Charles Siewert presents a distinctive approach to consciousness that emphasizes our first-person knowledge of experience and argues that we should grant consciousness, understood in this way, a central place in our conception of mind and intentionality. Written in an engaging manner that makes its recently controversial topic accessible to the thoughtful general reader, this book challenges theories that equate consciousness with a functional role or with the mere availability of sensory information to cognitive capacities. Siewert argues that the notion of phenomenal consciousness, slighted in some recent theories, can be made evident by noting our reliance on first-person knowledge and by considering, from the subject's point of view, the difference between having and lacking certain kinds of experience. This contrast is clarified by careful attention to cases, both actual and hypothetical, indicated by research on brain-damaged patients' ability to discriminate visually without conscious visual experience--what has become known as "blindsight." In addition, Siewert convincingly defends such approaches against objections that they make an illegitimate appeal to "introspection."
Experiences that are conscious in Siewert's sense differ from each other in ways that only what is conscious can--in phenomenal character--and having this character gives them intentionality. In Siewert's view, consciousness is involved not only in the intentionality of sense experience and imagery, but in that of nonimagistic ways of thinking as well. Consciousness is pervasively bound up with intelligent perception and conceptual thought: it is not mere sensation or "raw feel." Having thus understood consciousness, we can better recognize how, for many of us, it possesses such deep intrinsic value that life without it would be little or no better than death.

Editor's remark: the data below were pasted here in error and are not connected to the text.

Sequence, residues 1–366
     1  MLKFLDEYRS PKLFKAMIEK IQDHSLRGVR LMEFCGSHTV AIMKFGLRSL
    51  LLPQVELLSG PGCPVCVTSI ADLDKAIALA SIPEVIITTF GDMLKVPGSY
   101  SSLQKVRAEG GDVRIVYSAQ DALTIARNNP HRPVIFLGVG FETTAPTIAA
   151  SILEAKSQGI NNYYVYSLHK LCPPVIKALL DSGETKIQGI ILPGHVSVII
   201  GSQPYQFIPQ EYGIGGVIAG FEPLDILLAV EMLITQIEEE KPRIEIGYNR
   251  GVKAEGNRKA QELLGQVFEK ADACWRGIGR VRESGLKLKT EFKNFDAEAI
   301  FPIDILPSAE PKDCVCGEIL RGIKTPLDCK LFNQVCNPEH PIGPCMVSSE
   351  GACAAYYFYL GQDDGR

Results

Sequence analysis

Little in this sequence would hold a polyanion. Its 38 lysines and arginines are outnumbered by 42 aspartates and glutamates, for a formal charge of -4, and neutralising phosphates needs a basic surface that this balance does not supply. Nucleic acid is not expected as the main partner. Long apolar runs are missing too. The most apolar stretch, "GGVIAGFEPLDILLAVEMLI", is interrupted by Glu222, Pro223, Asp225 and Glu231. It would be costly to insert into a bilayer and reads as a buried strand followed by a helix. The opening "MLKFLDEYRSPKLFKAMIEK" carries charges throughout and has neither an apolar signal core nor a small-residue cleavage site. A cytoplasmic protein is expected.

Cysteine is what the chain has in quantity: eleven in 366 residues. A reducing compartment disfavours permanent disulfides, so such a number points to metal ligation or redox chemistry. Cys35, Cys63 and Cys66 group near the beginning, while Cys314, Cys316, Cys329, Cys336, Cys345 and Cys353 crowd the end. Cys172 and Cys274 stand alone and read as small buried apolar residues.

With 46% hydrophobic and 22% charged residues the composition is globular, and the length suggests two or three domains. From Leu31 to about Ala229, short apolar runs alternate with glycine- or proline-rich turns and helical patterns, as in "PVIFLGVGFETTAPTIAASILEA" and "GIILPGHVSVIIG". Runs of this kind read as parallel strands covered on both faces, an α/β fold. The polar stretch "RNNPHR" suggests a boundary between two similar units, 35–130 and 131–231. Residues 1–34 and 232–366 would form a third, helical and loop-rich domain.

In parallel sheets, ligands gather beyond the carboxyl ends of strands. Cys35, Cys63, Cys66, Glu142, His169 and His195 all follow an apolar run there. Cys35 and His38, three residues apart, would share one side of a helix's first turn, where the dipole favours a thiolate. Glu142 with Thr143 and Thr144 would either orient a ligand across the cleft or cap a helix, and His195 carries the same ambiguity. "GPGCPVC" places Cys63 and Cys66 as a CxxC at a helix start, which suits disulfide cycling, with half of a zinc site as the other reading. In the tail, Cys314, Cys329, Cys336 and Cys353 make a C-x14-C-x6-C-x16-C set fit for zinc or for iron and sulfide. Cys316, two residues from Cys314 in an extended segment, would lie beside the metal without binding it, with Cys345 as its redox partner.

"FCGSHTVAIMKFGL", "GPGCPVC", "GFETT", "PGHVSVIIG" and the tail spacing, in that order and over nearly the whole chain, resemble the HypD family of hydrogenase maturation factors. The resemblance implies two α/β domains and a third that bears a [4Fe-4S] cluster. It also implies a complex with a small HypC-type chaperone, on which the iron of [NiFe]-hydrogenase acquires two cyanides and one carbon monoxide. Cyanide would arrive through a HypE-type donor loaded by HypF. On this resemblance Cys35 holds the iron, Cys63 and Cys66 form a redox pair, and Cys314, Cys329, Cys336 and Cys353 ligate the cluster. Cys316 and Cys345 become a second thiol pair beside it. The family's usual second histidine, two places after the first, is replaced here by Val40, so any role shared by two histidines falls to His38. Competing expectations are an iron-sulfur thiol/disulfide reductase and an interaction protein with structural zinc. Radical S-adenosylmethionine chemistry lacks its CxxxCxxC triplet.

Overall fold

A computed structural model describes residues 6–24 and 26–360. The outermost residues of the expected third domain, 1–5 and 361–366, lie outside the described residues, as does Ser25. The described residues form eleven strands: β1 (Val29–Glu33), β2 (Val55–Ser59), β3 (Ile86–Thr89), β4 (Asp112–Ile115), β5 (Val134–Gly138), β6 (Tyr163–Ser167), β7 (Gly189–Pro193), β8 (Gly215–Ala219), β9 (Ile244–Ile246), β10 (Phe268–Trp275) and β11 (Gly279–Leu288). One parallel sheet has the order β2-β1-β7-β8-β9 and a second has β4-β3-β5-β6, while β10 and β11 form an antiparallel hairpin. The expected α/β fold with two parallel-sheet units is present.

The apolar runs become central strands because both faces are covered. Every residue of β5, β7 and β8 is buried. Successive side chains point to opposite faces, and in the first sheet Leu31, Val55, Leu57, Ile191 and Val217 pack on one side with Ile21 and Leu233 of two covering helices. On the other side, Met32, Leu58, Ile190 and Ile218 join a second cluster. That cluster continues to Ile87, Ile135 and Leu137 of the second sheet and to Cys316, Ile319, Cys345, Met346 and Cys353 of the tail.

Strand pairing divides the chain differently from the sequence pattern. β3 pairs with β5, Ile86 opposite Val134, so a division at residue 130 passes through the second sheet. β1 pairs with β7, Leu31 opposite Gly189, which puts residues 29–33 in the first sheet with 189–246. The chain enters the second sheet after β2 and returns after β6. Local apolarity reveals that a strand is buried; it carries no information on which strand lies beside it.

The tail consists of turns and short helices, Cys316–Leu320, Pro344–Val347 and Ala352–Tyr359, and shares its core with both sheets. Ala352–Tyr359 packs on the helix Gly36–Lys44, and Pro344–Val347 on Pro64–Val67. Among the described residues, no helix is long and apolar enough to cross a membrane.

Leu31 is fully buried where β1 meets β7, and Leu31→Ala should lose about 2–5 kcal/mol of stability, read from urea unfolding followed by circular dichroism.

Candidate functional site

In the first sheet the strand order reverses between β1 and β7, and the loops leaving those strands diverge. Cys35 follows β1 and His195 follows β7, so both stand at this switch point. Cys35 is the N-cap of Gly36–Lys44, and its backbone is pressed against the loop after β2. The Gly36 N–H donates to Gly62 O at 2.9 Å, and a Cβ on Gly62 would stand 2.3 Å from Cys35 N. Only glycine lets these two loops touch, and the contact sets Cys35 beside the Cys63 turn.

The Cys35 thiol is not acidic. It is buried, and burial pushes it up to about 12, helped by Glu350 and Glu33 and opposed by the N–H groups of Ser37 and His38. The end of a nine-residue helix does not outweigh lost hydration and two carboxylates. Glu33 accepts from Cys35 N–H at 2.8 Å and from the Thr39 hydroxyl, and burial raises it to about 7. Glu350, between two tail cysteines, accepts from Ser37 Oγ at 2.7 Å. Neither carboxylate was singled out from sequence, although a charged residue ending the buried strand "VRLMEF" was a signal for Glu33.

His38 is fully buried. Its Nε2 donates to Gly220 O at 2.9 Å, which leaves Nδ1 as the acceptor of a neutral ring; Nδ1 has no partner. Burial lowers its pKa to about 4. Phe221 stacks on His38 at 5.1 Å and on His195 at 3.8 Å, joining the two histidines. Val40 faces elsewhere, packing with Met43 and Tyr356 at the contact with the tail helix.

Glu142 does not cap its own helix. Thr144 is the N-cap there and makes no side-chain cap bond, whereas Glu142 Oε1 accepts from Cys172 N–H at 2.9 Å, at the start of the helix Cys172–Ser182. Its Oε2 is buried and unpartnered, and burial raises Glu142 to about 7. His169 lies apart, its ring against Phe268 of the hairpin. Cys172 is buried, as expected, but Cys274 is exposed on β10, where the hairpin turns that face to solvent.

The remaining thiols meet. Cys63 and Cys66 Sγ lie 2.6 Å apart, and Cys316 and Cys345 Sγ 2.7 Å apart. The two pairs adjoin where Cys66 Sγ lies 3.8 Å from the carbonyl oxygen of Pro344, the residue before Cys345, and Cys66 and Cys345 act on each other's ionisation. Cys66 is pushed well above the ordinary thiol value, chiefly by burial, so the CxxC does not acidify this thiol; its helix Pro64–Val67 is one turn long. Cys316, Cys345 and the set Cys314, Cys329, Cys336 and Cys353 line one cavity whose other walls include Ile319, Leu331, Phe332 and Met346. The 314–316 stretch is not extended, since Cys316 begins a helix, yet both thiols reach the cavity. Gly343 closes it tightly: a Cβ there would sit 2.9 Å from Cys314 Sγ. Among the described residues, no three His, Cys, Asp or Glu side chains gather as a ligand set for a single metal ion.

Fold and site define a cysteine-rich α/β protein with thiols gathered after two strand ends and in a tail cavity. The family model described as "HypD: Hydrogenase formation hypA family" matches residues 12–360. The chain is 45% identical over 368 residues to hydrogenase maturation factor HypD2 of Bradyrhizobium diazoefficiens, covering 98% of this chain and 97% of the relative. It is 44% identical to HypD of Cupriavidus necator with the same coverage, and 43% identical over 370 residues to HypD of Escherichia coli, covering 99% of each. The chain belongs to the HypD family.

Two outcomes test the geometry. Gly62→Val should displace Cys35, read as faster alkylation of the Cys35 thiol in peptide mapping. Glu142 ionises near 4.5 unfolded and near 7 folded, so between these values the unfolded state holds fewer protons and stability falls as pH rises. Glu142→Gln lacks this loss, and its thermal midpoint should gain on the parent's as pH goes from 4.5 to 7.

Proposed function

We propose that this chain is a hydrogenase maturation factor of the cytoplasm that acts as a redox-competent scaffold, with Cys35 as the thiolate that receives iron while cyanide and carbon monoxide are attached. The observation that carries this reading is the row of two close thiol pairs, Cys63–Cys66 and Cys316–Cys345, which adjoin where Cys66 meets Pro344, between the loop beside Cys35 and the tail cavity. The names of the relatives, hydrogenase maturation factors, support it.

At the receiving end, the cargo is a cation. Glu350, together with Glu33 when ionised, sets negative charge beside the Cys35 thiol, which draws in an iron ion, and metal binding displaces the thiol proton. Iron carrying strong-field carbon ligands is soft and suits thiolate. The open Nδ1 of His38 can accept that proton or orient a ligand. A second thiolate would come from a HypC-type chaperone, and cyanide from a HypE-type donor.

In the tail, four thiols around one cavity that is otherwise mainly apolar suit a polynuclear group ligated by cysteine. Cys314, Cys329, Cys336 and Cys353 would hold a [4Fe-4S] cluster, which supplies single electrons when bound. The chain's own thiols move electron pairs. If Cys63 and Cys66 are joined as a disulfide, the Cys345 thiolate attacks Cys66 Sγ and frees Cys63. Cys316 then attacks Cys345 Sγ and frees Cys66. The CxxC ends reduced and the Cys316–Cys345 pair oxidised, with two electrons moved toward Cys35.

"This is a marvelous book, full of subtle, thoughtful, and original argument.... The discussion is full of insight and a pleasure to read. Siewert's book advances the debate over consciousness on a number of fronts, and should become a standard in the field."--David Chalmers, University of California, Santa Cruz
Table of Contents:
Ch. 1 First-Person Knowledge 10
Ch. 2 Third-Person Doubts about First-Person Warrant 39
Ch. 3 Phenomenal Consciousness 65
Ch. 4 Varieties of Consciousness Neglect 101
Ch. 5 Preventing Neglect 151
Ch. 6 Consciousness and Self-Reflection 187
Ch. 7 Visual Experience: Intentionality and Richness 217
Ch. 8 Conscious Thought 263
Ch. 9 The Importance of Consciousness 307
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